Depending on the size of the generator you choose, the power of these units might surprise you.
However, you may dislike all the noise, especially when running heavy-use items.
You’ll also need to make sure you have an ample amount of gas on hand or access to a gas station for the duration of your camping trip.
Wastewater and Garbage Management
The popular saying, “pack it in, pack it out,” applies to dispersed camping.
Because it takes place outside of a designated campground, you’ll likely not have access to restroom facilities or dumpsters.
Whatever you bring, you should plan to take it out with you.
If you don’t have a self-contained RV with a restroom, you’ll need a plan for your wastewater.
You should avoid going to the bathroom near a water source and bring a baggie to store toilet paper.
Campers should not leave toilet paper or waste on the ground.
You can protect public lands by digging a 6-inch deep hole away from a water source.
When campers violate these rules, it often leads to camping restrictions or park closures.
Conserve Fresh Water
Camping in the middle of a national forest or on other public lands often means having to manage your water supply.
Unless you travel in a self-contained RV with a freshwater system, you will need to take care of your water needs.
You’ll likely have to put off taking long showers every day or find creative ways to conserve water during essential tasks.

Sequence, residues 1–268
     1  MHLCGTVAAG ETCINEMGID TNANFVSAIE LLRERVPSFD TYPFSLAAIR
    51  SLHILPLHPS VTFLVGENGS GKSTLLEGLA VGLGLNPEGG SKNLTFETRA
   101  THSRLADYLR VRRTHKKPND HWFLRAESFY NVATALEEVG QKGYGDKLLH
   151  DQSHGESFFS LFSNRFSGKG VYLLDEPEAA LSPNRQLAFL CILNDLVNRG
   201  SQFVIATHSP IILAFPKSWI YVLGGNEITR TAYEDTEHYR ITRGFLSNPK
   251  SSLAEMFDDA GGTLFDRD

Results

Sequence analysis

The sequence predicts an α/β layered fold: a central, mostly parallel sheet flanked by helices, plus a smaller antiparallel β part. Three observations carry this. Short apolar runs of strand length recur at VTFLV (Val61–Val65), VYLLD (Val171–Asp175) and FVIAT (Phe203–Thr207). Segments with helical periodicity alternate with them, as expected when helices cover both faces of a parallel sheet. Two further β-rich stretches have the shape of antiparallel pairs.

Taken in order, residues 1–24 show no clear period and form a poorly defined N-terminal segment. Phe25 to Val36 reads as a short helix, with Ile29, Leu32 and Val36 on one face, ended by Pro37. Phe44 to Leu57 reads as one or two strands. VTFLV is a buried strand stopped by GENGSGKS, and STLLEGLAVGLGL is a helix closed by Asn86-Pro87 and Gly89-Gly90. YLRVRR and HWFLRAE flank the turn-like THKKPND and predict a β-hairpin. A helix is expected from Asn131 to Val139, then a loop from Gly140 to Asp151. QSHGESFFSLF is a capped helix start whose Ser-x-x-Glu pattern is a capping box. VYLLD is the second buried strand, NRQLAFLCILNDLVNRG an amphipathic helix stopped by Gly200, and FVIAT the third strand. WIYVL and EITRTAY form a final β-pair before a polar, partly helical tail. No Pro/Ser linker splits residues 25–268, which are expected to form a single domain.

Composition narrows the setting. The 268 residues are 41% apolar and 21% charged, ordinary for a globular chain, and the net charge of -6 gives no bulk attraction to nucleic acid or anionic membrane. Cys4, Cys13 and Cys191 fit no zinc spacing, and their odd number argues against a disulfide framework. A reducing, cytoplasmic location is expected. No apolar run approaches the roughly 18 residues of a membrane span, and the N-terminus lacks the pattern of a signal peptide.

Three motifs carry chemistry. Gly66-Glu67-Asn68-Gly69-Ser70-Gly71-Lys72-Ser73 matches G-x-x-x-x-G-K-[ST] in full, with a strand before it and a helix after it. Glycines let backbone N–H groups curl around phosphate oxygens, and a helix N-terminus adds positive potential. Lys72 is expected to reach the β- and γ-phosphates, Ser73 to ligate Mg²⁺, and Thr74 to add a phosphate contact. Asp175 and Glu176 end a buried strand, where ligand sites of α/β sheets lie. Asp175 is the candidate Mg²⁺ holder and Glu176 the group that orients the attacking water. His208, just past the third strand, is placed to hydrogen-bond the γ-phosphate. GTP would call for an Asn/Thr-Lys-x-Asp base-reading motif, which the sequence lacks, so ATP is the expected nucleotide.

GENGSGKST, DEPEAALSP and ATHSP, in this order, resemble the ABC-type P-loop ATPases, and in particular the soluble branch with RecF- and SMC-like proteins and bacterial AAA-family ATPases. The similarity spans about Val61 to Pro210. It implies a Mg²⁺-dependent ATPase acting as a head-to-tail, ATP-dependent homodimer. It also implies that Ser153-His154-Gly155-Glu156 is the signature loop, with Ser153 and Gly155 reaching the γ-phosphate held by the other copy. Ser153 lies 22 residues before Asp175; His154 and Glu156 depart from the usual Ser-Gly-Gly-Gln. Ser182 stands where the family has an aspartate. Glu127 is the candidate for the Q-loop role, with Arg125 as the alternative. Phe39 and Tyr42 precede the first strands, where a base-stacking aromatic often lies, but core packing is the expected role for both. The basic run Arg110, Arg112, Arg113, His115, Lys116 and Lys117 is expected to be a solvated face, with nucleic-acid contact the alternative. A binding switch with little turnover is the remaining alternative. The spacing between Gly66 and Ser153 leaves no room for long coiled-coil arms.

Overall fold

Many RVers conserve their fresh water and reuse it when possible.
For example, some will save running water as the shower warms up to wash the dishes or flush the toilet. You don’t want to waste even a little bit of water.
Can You Go Dispersed Camping Anywhere?
While many national forests and other government agencies allow you to camp for free on public lands, it doesn’t mean you can camp anywhere.
Many of these agencies often require campers to be 100+ feet from a water source and set up camp away from trails and plains.
Many camping locations may close seasonally, especially at higher elevations. You may not have access to campsites or roads during the off-season.
Be sure to confirm with a local ranger or government authority regarding the status of local campgrounds and parks.
Is Dispersed Camping Safe?
Dispersed camping can be incredibly safe. However, you will often find yourself at a distance from others.
Should an emergency arise, you may wish you had help sooner.
If you don’t feel safe, you should move. Never put your friends, family, or other campers in danger.
Always have a plan to protect yourself, your RV, and others while camping.
Where Can I Find Dispersed Campsites?
You can consult many websites for information on dispersed camping. One of the most popular campground resources, Campendium, relies on user-submitted content to help other RVers. You can access it online or on the iOS app.
These sites often provide a generous amount of information regarding available spaces, finding the site, or even user reviews with pictures of potential camping options.
There are many RVers out there that leave behind trashed campsites. Many work incredibly hard to protect the privilege of dispersed camping. You may love it or hate it. Have you given dispersed camping a shot yet?